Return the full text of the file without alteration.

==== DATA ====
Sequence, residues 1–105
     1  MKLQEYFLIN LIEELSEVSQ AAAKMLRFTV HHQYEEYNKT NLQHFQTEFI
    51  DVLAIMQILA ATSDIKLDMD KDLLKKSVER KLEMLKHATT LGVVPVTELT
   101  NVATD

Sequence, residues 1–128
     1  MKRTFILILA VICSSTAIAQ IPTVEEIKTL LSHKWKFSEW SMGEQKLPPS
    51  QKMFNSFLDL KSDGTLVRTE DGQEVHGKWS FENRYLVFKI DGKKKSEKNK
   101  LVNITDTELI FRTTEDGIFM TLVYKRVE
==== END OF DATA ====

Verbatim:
Sequence, residues 1–105
     1  MKLQEYFLIN LIEELSEVSQ AAAKMLRFTV HHQYEEYNKT NLQHFQTEFI
    51  DVLAIMQILA ATSDIKLDMD KDLLKKSVER KLEMLKHATT LGVVPVTELT
   101  NVATD

Sequence, residues 1–128
     1  MKRTFILILA VICSSTAIAQ IPTVEEIKTL LSHKWKFSEW SMGEQKLPPS
    51  QKMFNSFLDL KSDGTLVRTE DGQEVHGKWS FENRYLVFKI DGKKKSEKNK
   101  LVNITDTELI FRTTEDGIFM TLVYKRVE